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Dissolving partnership

Mayor Teresa Jacobs continues to kick the can on the domestic-partnership registry

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That’s why Jacobs’ constitutional concerns come as a bitter pill for Equality Florida’s state field director, Joe Saunders, who fought against Amendment 2.

“It was frustrating, because you get through that entire fight, you hear them say that what happens won’t affect domestic partnership,” he says. “To hear that carted back out is very emotional.”

But it is being carted back out, and though she continually denies it, Jacobs may be along for the ride. In a position statement revised on Jan. 5, Focus on the Family – the national group of which Stemberger’s Family Policy Council is a part – reiterated what most already suspected: “Given the goal of redefining marriage, Focus on the Family opposes the legal creation of civil unions and domestic partnerships as counterfeit policy attempts to imitate marriage.” Also, Stemberger recently said that he has no position on domestic partnerships so long as they don’t create a special status for gay couples. Jacobs continues to echo that sentiment, though activists point out that she already used the term “domestic partner” when she passed domestic-partnership benefits for county employees last year.

Perhaps that’s why Jacobs has been so intent on managing her message in recent weeks. Following a Jan. 9 press conference hastily assembled by Jacobs to get the media on her side before a town hall planned by gay activists, she personally contacted at least two media outlets in an effort to scold them on what she considered unfair coverage. (Her staff also contacted Orlando Weekly, which covered the story extensively; “Separate, not equal,” Jan. 12.)

Following the Jan. 26 meeting, Jacobs released a statement to the uninvited media that defined her position, however vaguely, once again: “I will continue to research this complex issue and will schedule another meeting with the group before bringing the issue to the Board of County Commissioners next month. My goal is to introduce an ordinance in Orange County that meets the needs of our citizens without substantial risk of being successfully challenged in a court of law,” she concluded.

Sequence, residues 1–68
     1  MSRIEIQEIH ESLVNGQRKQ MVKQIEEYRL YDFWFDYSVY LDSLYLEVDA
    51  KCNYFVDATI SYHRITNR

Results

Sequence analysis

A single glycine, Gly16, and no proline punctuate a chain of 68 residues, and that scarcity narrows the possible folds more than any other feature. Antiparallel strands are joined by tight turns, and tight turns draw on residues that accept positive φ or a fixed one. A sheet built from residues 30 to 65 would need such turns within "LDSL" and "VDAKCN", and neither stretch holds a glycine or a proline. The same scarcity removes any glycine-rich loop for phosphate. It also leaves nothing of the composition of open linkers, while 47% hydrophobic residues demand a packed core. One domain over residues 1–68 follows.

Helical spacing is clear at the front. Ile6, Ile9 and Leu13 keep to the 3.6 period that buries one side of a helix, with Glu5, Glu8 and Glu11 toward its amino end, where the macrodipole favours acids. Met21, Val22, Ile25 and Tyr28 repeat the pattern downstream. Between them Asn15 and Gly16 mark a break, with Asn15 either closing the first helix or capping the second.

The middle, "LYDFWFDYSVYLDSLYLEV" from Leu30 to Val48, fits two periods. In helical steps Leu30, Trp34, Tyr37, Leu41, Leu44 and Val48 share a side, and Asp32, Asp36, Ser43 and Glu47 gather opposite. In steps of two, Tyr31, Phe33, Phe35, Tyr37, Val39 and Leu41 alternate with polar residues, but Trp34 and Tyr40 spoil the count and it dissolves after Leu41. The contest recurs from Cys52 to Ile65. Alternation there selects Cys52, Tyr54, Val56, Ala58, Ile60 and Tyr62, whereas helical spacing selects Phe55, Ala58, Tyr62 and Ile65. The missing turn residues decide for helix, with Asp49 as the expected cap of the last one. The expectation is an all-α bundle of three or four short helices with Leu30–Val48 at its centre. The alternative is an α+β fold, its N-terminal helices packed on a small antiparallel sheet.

Behind the scenes, activists appear to be scrambling for a Plan B. They say that should somebody else on the Board of County Commissioners decide to present a plan different than the one Jacobs ultimately produces, she promises to be open to allowing the matter to go up for a vote, even if she plans to vote against it. Finding the right commissioners could be difficult, though, as some among the board that have expressed support have similar political ties to those of Jacobs. Notably, Commissioners Scott Boyd and Jennifer Thompson utilized consultant John Dowless, the former head of the Christian Coalition of Florida who was “outed” by the gay Washington Blade in 2006, on their campaigns.

Surprisingly, Dowless was allowed into the Jan. 26 closed-door meeting with gay activists, though by most accounts – including those of Jacobs herself shedding a tear or two – he didn’t say anything. Asked what he was there for by another reporter, Dowless smiled and picked up his pace, walking away.

“I was a listener,” he said.

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